Initial guidance provides insights on regulatory pathway for biosimilars, but does not address many critical issues.
After much anticipation, the Food and Drug Administration (FDA) today issued not one but three new draft guidance documents intended to facilitate the submission of marketing applications for biosimilars. The three draft guidances can be accessed through the following links:
FDA is encouraging the submission of comments on all three of these draft guidances within the next 60 days. Note, however, that each draft guidance document is assigned a unique docket number for the submission of comments.
This LawFlash provides a brief overview of the draft guidances released today. We are preparing a more detailed analysis, which will include potential implications for stakeholders interested in submitting applications under the developing biosimilars pathway.
The first draft guidance, Biosimilars Q&A, provides an overview of FDA's current interpretation of some of the statutory requirements created by the Biologics Price Competition and Innovation Act of 2009 (BPCI Act). The Biosimilars Q&A is also intended to respond generally to comments submitted to the public docket and raised during meetings with stakeholders on the biosimilar pathway. The Biosimilars Q&A is structured in a Q&A format to address specific issues, some of which have been received from potential applicants, and which FDA apparently intends to expand upon in light of additional comments and questions it may receive concerning the draft document. Currently, the Biosimilars Q&A:
Notably, the Biosimilars Q&A, as well as the other draft guidances, reveals FDA's current view that comparative animal or clinical data developed using a non-U.S.-licensed product can provide evidence that the proposed product is biosimilar to a U.S.-licensed reference product.
In addition, the Biosimilars Q&A provides a potentially controversial definition of "chemically synthesized polypeptide" as meaning any alpha amino acid polymer that is made entirely by chemical synthesis and is fewer than 100 amino acids in size. The Biosimilars Q&A seems to go beyond just revealing FDA's current thinking by asserting a jurisdictional argument that a chemically synthesized polypeptide, as defined, is not a "biological product" but instead a product that should be regulated as a drug under the Federal Food, Drug, and Cosmetic Act unless the polypeptide otherwise meets the definition of a biological product under the Public Health Services Act (e.g., if it is a peptide vaccine).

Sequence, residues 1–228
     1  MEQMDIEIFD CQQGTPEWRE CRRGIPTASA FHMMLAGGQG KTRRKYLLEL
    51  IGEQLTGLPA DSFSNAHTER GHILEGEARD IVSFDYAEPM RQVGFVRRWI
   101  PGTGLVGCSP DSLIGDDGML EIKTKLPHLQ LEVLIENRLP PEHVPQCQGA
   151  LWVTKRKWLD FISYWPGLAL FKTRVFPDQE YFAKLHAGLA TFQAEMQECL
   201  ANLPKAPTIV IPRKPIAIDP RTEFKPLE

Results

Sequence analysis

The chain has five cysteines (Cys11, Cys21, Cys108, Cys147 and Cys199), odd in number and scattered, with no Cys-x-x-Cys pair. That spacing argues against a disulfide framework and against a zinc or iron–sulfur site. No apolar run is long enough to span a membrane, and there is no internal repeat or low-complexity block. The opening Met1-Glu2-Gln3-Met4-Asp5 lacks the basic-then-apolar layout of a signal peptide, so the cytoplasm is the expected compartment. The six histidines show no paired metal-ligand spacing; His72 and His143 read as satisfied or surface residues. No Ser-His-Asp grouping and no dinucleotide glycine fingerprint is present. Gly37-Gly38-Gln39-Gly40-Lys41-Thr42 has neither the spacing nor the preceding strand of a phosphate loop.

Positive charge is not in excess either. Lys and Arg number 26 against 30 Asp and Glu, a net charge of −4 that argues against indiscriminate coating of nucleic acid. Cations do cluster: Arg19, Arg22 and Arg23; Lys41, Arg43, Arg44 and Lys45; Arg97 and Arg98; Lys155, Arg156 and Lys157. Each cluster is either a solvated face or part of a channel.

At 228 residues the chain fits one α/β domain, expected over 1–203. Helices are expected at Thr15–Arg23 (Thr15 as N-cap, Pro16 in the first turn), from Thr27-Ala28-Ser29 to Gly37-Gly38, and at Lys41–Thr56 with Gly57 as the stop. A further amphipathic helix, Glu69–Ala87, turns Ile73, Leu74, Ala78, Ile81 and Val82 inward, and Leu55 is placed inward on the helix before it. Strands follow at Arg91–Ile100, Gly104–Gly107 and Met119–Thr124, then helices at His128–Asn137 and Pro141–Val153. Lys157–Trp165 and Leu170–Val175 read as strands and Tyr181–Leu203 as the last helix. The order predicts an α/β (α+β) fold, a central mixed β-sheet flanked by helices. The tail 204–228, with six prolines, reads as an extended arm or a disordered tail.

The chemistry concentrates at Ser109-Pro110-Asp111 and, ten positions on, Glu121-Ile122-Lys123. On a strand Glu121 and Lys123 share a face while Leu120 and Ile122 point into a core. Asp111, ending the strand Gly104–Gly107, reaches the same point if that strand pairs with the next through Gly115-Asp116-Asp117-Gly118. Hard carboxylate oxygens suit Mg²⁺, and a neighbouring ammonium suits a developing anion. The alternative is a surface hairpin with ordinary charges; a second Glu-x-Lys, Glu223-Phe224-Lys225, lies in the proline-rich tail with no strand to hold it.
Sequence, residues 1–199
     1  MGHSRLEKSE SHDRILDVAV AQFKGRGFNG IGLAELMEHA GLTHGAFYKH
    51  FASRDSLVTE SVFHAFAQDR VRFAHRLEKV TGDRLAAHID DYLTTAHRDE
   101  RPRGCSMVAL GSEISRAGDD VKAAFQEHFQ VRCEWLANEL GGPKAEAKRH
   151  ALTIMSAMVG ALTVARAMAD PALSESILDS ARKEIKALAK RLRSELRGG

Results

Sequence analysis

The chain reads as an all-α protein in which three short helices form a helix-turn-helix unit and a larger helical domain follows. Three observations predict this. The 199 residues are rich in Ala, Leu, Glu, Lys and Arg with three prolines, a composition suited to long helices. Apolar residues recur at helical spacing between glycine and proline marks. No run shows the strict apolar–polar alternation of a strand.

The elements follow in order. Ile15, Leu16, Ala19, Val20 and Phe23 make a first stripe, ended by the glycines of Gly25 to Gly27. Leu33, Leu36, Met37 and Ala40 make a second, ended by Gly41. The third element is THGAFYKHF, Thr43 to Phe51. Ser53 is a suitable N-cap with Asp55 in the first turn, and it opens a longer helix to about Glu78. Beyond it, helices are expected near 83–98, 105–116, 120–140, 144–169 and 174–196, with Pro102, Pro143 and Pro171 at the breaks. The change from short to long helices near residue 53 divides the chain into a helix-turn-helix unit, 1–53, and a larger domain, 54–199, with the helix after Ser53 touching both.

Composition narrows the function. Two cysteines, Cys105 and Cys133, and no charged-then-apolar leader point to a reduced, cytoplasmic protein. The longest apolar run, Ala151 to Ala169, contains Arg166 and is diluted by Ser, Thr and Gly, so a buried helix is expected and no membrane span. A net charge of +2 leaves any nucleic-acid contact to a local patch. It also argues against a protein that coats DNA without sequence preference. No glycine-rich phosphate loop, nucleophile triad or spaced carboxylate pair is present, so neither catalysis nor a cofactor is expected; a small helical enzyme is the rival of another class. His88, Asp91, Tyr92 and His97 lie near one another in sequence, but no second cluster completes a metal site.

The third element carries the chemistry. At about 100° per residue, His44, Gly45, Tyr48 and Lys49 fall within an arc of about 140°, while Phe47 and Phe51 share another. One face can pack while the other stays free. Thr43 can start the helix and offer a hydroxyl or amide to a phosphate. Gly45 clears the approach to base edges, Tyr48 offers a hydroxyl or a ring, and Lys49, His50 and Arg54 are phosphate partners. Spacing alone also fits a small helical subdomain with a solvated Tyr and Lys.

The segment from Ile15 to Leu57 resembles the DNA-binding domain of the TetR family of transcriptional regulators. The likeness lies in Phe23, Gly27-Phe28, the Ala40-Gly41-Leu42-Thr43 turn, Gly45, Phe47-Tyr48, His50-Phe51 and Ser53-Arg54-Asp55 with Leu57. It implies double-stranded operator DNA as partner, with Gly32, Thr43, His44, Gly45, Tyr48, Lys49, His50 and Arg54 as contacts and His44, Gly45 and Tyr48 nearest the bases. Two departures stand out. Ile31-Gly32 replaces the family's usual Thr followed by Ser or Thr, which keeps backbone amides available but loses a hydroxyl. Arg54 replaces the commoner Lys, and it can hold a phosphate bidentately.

The second draft guidance, Biosimilars Scientific Guidance, sets out three approaches as central to FDA's current thinking on demonstrating biosimilarity:
The third draft guidance, Biosimilars Quality Guidance, provides direction on analytical studies that may be relevant to assessing whether the proposed biosimilar protein product and a reference product are "highly similar" as defined in the BPCI Act. Interestingly, this document does not address FDA's current thinking on an appropriate approach to determining interchangeability, instead indicating that FDA is continuing to consider the type of information sufficient to enable it to determine that a biological product is interchangeable with the reference product.
Importantly, the Biosimilars Quality Guidance suggests that there may be an opportunity for innovators to argue that current technology does not permit for the demonstration of "biosimilarity" of a potentially competitive biosimilar product in a manner adequate to gain approval under 351(k), thus necessitating the filing of a full biologics license application (BLA). According to the Biosimilars Quality Guidance, "if the reference product and the proposed protein product cannot be adequately characterized with state of the art technology as recommended by this guidance, FDA recommends that the sponsor consult FDA for guidance on whether an application for the proposed protein product is appropriate for submission under section 351(k)" of the Public Health Services Act.
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